( Note: My ~ folder is on the same physical drive as / (same volume), but i actually store all Media on a separate physical drive which is formatted in NTFS. I plan on reinstalling XP using a virtual hard disk, & sharing that with the virtual machine.Here is a screenshot of my Disk Utility - [URL]
When I plug in my external USB Hard drive which is formatted as a single NTFS partition, it is recognized and mounted automatically, a nautilus window pops open. Unfortunately it is not writable. The reason is: the partition is mounted "ntfs" (which lacks write support) instead of "ntfs-3g". This is the output of mount after plugging in the drive:
$ mount | grep sdc1 /dev/sdc1 on /media/4EBC5FB82435B0EE type ntfs (rw,nosuid,nodev,uhelper=devkit,uid=1000,gid=1000,dmask=0077)
I want this partition to be writable by just plugging it in.
The partition should not have any errors because a) I fsck'ed it windows and b) mounting it manually works:
$ sudo mount -t ntfs-3g /dev/sdc1 /media/disk_/ $ mount | grep sdc1 /dev/sdc1 on /media/disk_ type fuseblk (rw,allow_other,blksize=4096) $ devkit-disks --mount-fstype ntfs-3g --mount /dev/sdc1 Mounted /org/freedesktop/DeviceKit/Disks/devices/sdc1 at /media/4EBC5FB82435B0EE $ mount | grep sdc1 /dev/sdc1 on /media/4EBC5FB82435B0EE type fuseblk (rw,nosuid,nodev,allow_other,blksize=4096) $ gnome-mount -nbtd /dev/sdc1 $ mount | grep sdc1 /dev/sdc1 on /media/disk type fuseblk (rw,nosuid,nodev,allow_other,blksize=4096)
How can I get ntfs drives to be mounted as writable by default, preferrably without having to modify fstab?
I have a Debian testing system on a laptop that used to have Windows 8 on it. I kept the EFI boatloader and its partition, but now every time the system boots, it first tries to boot into Windows (which isn't there anymore). Removing /boot/efi/EFI/Microsoft just leads to an error message when booting, with some component of Windows still trying to load and not finding those files.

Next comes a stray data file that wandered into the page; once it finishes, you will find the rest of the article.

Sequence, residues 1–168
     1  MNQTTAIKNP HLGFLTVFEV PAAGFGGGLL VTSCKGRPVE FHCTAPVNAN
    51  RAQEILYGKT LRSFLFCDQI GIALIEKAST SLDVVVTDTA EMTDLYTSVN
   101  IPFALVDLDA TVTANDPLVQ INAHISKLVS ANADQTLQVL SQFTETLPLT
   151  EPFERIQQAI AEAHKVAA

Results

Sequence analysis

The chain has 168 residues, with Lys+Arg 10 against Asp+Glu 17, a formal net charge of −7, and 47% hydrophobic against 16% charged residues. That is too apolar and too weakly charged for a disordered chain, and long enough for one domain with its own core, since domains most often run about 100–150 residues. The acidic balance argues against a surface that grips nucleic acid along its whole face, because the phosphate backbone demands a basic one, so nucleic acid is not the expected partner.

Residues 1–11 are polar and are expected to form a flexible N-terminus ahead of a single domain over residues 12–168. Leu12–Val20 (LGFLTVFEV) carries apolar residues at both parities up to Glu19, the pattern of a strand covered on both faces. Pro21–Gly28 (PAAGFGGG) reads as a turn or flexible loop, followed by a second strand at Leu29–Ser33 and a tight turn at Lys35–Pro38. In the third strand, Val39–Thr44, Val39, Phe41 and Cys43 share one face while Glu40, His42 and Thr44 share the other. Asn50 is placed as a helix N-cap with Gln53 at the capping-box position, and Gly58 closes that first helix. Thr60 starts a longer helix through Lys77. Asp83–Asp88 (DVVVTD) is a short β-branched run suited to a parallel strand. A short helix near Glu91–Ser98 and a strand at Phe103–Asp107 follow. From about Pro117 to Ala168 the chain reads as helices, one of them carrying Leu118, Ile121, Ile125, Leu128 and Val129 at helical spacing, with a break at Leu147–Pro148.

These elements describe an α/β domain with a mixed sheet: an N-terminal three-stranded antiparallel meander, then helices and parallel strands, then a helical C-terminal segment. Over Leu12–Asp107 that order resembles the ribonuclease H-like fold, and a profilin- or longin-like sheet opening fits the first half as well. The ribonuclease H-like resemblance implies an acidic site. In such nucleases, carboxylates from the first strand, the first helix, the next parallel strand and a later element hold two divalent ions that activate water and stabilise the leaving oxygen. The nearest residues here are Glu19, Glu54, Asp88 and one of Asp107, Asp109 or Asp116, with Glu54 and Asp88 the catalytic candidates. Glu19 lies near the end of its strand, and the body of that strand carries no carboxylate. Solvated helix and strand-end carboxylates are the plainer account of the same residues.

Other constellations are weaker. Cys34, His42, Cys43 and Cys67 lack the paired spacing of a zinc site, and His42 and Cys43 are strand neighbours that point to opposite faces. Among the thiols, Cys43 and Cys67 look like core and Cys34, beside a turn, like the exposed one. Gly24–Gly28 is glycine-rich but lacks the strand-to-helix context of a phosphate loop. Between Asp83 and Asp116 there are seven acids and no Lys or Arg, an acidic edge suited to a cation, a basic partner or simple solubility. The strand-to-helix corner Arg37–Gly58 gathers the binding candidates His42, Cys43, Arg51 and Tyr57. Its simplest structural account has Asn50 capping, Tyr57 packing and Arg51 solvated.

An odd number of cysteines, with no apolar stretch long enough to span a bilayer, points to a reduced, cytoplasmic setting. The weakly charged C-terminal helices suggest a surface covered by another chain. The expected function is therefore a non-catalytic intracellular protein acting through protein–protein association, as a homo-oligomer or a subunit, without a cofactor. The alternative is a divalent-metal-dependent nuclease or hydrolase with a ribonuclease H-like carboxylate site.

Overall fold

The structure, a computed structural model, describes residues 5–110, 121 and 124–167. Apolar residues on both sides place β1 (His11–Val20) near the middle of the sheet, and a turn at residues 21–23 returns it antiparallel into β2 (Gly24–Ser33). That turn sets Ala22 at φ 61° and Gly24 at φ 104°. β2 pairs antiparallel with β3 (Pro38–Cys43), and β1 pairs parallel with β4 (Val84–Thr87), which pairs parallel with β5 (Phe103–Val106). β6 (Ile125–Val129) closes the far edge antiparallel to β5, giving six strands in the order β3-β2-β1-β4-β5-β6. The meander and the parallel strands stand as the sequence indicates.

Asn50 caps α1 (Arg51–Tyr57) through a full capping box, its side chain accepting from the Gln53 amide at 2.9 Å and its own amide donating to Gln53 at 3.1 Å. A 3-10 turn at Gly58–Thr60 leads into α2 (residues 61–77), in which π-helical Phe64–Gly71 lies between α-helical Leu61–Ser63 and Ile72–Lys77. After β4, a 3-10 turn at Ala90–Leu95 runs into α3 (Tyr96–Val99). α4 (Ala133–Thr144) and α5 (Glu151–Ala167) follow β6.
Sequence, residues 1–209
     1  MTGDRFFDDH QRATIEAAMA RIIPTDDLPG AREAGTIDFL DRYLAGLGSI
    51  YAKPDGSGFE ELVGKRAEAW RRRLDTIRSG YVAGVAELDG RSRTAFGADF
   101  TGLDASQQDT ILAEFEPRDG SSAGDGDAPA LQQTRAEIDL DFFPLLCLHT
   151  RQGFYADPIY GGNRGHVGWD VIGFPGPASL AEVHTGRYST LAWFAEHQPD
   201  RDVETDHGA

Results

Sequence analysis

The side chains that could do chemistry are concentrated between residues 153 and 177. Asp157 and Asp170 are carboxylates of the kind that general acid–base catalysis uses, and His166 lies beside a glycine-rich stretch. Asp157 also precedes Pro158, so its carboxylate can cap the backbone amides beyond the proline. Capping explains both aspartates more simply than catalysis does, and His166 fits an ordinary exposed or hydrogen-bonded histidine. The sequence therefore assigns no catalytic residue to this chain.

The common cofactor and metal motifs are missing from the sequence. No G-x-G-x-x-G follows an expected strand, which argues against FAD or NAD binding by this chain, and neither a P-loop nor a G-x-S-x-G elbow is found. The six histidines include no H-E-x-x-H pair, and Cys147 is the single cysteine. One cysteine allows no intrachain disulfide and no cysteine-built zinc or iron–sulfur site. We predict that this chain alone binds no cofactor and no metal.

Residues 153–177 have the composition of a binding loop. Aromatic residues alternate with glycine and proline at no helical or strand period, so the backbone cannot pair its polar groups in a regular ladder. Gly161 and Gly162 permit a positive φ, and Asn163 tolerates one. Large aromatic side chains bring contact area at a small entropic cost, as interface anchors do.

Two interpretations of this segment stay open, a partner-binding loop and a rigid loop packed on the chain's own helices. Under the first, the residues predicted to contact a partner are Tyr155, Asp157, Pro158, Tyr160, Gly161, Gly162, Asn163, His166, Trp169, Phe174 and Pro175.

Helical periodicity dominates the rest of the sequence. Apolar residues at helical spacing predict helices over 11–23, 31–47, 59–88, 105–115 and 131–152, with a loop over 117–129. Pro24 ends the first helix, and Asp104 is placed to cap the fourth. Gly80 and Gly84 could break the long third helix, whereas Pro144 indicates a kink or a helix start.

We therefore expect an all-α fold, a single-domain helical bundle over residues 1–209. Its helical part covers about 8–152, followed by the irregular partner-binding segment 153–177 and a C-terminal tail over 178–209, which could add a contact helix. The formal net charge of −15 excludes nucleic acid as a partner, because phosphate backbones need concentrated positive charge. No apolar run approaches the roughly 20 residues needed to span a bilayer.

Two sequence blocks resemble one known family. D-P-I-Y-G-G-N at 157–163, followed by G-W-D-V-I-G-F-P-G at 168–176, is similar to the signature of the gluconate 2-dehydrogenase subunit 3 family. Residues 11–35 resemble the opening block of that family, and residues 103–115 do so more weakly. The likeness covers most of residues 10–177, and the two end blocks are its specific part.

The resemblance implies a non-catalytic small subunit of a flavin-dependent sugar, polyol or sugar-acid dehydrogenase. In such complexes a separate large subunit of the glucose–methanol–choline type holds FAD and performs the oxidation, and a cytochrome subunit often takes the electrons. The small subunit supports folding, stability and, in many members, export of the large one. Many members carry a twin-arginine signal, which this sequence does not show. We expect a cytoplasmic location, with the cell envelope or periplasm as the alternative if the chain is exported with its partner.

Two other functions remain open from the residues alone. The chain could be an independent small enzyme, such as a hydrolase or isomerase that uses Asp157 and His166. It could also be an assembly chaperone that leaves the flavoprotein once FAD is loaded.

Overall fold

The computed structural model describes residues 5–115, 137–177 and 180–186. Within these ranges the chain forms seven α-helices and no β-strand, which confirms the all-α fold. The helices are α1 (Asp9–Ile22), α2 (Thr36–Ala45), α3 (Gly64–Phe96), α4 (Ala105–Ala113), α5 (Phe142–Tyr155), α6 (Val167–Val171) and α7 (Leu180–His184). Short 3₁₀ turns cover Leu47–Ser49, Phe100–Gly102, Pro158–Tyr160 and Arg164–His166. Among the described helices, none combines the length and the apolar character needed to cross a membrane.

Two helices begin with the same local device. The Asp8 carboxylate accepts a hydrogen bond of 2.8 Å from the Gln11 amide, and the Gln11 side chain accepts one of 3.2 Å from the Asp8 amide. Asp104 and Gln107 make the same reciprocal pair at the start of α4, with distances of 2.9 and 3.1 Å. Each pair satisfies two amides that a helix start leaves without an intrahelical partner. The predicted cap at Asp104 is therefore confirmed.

The workaround for now is to go into the UEFI boot menu on every boot and selecting the "debian" entry, which works but is a bit cumbersome.How can I get rid of the Microsoft loader completely? I find a lot about repairing or re-adding the Windows bootloader, but nothing about removing it.
I'm building a Debian Live system, [URL], and I've pared it down to a very light distro. It is using the IceWM, has the basic linux commands, and very very little else.
When I run "top" and "ps aux", I see that I have multiple terminals and logins waiting to be used. It's a small amount, but I'd like to make that RAM usable elsewhere. The indicated commands are: "/bin/login -f" and "-bash", and I have one of each associated with each tty[1-7]. I may want to keep tty1 and tty2, just in case, but I can't imagine wanting 3-7.
So, what I'm looking for is a way to stop tty[3-7] from even starting in the first place.
I saw on one forum the suggestion of modifying the /etc/init/tty[1-7].conf files, but these files aren't present, I presume because it's a "Live" system.
Debian Version: 8.3 (Jessie) KDE (although this is NOT a desktop issue) Basic Hardware: Gigabyte Motherboard GA-970A-D3P AMD 8350 CPU (8 cores) 32 GB DDR3 RAM 120GB SSD SATA-6GB/s 750 WD Black SATA-6GB/s
I am getting "Error: No space left on device" regularly during updates or installs, but why. Here is data on the disks, filesystems, etc...
Seems very doubtful that inodes are the killer.I have googled and followed all the threads, and search these forums and found nothing that fits - every answer there was focused on avaiolable space and inodes..And to make the cheese even more binding, the issue has cropped up on another 8.3 system with far more disk space (larger hard drives) and lots more unused inodes
I've been testing Squeeze to determine whether KDE4 is finally suitable for my primary machine. Everything seems to be working fine except for detection of IDE devices. My CD/DVD drive no longer automounts and the reason seems to be that no device is being created. My Lenny system detects the drive as /dev/hda, but no such device exists in Squeeze. During boot, Squeeze appears to detect the drive as /dev/sr0 (according to dmesg), but in fact that device does not exist either.I'm actually running the Lenny kernel, as I am unable to compile my Ralink wireless driver (rt2860sta) using the Squeeze kernel. Also, for inquiring minds, I use removable HDD drive bays on my systems to simplify testing.
I installed Debian Lenny on my HP Laptop - dv6-2120ed. Because i have atheros wireless card i needed to install ath9k which is not supported in 2.6.26 kernel so i compiled it to 2.6.32. Everything is good, but when i boot the new kernel i get "Bar 6: No parent found of for device" for 2 devices - the ethernet LAN card and the sound card. After 1 minute waiting the kernel starts booting and everything works fine (the LAN and the SOUND card too). How can i fix this and what means it exactly?